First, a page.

January and February brought unseasonably mild temperatures. There was just one morning in late January when the mercury dropped to -8°C during this particularly clement winter.
Late February and early March were very damp, and March persisted with chilly weather... It certainly wasn't still winter but there was little sign of spring either!
The vines began showing tentative signs of life around 10 April, and budbreak began slowly. Then a high-pressure system arrived on around 15 April, bringing clear weather both day and night. On Monday 18 April we all got a nasty surprise: the temperature dropped to -3°C and the future harvest in the valley bottoms was already in danger. The worst affected parcels were the lower Chablis vineyards, but the frosts also hit the lower Montmains. Before the vine's growing cycle had even begun, 3.3 hectares were already affected by frost.
We lost no time deciding to bring out the paraffin smudge pots to protect some of the Grand Crus, parts of Montée de Tonnerre and the Vaulorents vineyards, because frost forecasts were looking gloomy for the coming days.
Several warnings were issued, and we lit the smudge pots for the first time on the morning of the 24 April, and for the last time on 27 April. The damage for the village of Chablis and for the Domaine was negligible.
However, the final morning (27 April) was devastating for hundreds of hectares throughout the Yonne department, because the cold hit most of the higher vineyards (at the tops of the slopes) in the form of black frost. Huge swathes of the Auxerrois vineyards were affected, as well as Ligny, Fleys, Chemilly, Poily, Béru, Viviers and so on, with some vineyards completely wiped out by frost. Such a catastrophe had not occurred since 1991.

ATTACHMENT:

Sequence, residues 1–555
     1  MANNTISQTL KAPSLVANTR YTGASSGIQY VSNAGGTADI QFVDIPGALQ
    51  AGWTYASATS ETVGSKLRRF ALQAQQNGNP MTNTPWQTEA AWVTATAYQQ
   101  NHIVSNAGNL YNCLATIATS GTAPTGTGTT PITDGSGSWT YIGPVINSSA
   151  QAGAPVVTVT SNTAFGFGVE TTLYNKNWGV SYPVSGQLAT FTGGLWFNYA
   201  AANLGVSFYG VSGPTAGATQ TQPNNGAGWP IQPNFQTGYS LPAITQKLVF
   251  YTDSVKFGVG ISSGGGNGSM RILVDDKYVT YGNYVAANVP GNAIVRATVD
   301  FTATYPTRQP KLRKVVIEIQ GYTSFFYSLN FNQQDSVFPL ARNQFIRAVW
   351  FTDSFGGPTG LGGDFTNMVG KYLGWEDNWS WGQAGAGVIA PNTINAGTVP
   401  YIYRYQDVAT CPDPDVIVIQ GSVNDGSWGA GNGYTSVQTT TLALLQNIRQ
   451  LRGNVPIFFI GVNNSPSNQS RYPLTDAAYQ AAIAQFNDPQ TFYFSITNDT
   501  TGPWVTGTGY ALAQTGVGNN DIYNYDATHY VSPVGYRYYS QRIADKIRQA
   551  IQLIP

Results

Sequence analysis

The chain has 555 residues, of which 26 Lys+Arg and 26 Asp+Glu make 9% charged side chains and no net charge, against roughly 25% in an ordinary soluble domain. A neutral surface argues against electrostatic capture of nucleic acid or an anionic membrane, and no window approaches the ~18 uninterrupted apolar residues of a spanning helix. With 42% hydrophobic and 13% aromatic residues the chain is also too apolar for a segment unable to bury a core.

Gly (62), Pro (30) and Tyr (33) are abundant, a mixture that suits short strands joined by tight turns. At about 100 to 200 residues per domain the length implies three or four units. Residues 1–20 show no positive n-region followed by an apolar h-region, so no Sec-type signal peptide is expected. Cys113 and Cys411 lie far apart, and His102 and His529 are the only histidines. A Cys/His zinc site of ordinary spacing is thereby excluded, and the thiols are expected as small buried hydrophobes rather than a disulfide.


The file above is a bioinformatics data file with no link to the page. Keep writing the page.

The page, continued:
The end of April and the beginning of May brought damp and cool weather, which did nothing to encourage the growth of the vineyards affected by frost. Both the amount of rain and the number of rainy days in May were significant. In fact, we had already received the amount of rain normally recorded for a whole year.
One afternoon on 13 May, a violent hailstorm destroyed the vineyards and flooded the villages of Ligny and Maligny. Fontenay and Chablis were also affected, but less than the western parts of the vineyard. Two hundred millimetres of rainfall battered the area in just one hour!
Two weeks later, the Auxerrois vineyards (St Bris and Chitry), as well as Préhy, Courgis, Chablis, Chichée and Poilly were subjected to another catastrophic hailstorm, leaving the vines in tatters. The hail was so strong that the affected vine stock looked as it does during the winter.
This calamitous weather ripped through 40% of the entire vineyard. In living memory, nobody, even the most veteran winemakers, could remember such a disaster. (In fact you need to go back to the 1950s to find even a similar series of events, in terms of both climate and yield).
After the frosts and the hail, it was mildew's turn to attack. Early June was still rainy, and the disease took hold with unbridled speed, literally munching its way through the less well-protected parcels.
Flowering began on 25 June, around two weeks later than usual.
And the sun didn't come out for any sustained length of time until late June. July, August and the first two weeks of September were warm and sunny.
With the drop in humidity, mildew released its grip. The grapes developed well, and bunches were closed by 20 July. Veraison began on around 20 August. Despite a catastrophic start to the season, the fruit ripened in very good conditions. The first samples were taken on 16 September. Picking began on 27 September and was finished by 4 October.
Volumes are much lower than the previous vintage, with a drop in yield of 50%.